Semifreddo is an Italian half-frozen dessert or ice-cream cake but this recipe gives this Mediterranean classic a bit of a Brit twist.
It’s from a new book called Wild Sugar Desserts by Australian cooks Skye Craig and Lyndel Miller which does the unthinkable, taking cult classic desserts and giving them a healthy but delicious makeover. Recipes include strawberry yoghurt cheesecake and blackberry, elderflower and lemon mousse trifle.
This semifreddo uses coconut milk, nuts, agave syrup and edible flowers, making it practically saintly in pudding terms. Perfect for providing a floral and fuss-free finish to any dinner party.
Kcal: 179 per serving
Saturated fat: 2.9g per serving
Preparation time: 20 minutes
Freezing time: Overnight
Ingredients (makes 8)
- 3 cups of cashew nuts, raw and unsalted
- ½ cup honey, agave syrup or sugar syrup
- 2½ cups coconut milk
- 1¼ cups lemon juice and rind finely grated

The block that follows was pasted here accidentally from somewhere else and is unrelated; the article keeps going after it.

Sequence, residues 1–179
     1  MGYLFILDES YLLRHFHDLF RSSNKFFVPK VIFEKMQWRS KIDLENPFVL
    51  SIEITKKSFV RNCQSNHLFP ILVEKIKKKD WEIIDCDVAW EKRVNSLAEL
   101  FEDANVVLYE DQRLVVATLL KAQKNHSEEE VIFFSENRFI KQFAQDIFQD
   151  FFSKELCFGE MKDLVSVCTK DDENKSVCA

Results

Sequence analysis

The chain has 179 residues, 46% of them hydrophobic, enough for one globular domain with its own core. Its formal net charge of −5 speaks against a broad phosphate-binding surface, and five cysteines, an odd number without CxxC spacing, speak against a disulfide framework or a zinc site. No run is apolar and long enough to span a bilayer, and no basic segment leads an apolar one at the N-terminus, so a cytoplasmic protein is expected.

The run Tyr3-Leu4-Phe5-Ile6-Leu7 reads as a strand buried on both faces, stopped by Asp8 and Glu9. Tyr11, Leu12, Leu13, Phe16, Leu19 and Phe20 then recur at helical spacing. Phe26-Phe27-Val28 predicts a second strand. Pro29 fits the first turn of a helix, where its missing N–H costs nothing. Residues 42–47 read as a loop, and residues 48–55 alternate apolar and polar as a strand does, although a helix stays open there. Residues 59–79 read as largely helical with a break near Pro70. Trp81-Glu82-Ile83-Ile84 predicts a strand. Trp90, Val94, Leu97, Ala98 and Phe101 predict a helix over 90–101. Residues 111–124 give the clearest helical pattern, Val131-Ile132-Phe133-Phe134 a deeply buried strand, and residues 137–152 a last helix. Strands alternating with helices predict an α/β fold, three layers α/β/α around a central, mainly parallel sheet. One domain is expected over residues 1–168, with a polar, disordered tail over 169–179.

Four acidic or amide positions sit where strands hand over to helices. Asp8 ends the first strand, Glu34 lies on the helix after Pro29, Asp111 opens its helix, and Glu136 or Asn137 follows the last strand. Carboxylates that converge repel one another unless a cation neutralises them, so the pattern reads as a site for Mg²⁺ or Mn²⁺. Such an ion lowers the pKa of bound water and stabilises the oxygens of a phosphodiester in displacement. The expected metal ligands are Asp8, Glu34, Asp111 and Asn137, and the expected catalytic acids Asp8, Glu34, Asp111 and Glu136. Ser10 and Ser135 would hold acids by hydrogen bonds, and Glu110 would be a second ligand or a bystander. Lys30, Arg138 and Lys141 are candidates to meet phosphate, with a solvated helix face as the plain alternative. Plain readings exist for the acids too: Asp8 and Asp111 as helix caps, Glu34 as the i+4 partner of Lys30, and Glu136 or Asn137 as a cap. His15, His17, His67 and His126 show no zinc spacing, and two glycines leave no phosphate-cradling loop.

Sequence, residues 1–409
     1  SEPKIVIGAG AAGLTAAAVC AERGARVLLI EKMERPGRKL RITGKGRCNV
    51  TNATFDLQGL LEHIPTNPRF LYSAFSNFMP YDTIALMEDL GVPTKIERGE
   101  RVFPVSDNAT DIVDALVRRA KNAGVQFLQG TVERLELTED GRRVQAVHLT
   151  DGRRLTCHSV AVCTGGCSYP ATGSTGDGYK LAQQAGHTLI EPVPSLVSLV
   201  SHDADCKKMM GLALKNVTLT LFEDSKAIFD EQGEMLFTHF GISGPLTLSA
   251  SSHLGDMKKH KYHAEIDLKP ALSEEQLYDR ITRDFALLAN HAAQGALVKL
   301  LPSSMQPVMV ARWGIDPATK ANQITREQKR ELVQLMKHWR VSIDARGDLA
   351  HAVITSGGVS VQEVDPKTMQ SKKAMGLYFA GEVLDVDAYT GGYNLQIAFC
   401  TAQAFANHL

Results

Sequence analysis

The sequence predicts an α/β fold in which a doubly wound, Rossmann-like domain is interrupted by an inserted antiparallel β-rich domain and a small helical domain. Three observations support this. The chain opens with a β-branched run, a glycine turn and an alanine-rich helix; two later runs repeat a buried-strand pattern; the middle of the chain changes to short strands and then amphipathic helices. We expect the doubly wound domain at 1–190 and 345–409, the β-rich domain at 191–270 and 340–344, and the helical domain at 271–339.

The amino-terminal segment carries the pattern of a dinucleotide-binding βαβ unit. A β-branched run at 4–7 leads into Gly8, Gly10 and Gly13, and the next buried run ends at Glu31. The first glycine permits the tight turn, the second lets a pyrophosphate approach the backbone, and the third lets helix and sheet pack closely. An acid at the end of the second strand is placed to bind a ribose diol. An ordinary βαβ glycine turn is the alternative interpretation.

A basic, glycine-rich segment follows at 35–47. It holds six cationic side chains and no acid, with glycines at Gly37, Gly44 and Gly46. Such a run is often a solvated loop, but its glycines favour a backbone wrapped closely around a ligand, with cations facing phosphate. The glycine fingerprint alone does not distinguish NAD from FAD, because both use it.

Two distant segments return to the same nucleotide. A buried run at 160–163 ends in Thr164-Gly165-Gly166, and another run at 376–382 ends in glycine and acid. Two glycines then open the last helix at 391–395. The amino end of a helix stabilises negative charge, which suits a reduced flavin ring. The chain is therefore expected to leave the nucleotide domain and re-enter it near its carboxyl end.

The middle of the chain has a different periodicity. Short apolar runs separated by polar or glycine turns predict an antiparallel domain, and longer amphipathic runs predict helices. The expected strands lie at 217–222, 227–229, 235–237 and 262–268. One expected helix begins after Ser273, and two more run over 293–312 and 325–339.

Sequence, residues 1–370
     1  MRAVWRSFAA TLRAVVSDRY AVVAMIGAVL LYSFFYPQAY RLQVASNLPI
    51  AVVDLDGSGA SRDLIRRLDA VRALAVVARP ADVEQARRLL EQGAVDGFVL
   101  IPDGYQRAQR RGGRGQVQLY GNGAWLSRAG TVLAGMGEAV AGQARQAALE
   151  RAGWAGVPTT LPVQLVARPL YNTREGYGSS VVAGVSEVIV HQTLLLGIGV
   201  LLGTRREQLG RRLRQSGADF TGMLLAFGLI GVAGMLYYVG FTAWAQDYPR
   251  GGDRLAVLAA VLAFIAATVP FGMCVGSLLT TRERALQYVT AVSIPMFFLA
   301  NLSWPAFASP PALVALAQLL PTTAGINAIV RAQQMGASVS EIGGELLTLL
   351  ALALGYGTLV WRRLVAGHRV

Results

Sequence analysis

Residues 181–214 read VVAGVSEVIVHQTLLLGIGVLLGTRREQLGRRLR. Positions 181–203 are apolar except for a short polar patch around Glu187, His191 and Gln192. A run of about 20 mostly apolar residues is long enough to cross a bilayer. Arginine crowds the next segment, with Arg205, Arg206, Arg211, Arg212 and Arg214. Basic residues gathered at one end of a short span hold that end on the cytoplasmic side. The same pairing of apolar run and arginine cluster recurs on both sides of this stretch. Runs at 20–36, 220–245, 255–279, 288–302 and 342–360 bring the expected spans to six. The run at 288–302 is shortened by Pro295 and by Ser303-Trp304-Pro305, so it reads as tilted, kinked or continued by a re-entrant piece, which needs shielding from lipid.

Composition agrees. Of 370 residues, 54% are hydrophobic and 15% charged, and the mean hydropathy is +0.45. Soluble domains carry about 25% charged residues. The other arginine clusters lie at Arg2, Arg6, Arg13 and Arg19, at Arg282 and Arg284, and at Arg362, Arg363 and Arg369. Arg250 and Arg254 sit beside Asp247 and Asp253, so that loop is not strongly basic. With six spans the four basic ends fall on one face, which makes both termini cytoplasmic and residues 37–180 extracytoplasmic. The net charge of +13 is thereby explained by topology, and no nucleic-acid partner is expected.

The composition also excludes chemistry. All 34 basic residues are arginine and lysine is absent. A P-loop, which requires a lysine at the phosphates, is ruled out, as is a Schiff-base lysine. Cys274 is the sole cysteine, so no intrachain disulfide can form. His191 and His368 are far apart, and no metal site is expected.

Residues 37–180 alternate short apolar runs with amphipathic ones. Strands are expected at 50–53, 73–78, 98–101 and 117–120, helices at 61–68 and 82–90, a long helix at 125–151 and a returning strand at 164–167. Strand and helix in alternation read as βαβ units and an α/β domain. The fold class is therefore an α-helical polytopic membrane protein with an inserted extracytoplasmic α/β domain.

- Pinch of salt
- Handful of fresh or frozen raspberries
- Handful of macadamia or Brazil nuts, raw, unsalted and roughly chopped
- Edible flowers
- Loose berries
- Shavings of crème fraîche ice cream and berry coulis (optional)
Step 1: Blend cashews, honey, coconut milk, lemon juice and salt in a blender until the cashews have turned into a smooth cream. If there is still a grain in the cream, strain the mixture through a fine sieve.
Step 2: Carefully fold the raspberries and nuts through the lemon cream and then pour into a loaf tin. Wrap silver foil around the tin and place in the freezer overnight.
Step 3: When ready to serve, warm the outside of the tin with your hands. Take a hot knife, cut a slice of the log and place on a plate. To dress it up, scatter a few edible flowers and loose berries on the plate (add a few shavings of crème fraîche ice cream and a drizzle of berry coulis if desired).
Wine expert Jane Parkinson suggests the perfect pairing
Perrone Elio Moscato d’Asti 2011, £6.75, thewinesociety.com
Seeing as delicacy is the name of the game here, Moscato d’Asti is a no-brainer match even if the semifreddo is packed with flavour. A northwest Italian wine, this works brilliantly because it’s floral, while the lower alcohol (only 5%!) means it won’t compete with the frozen dessert.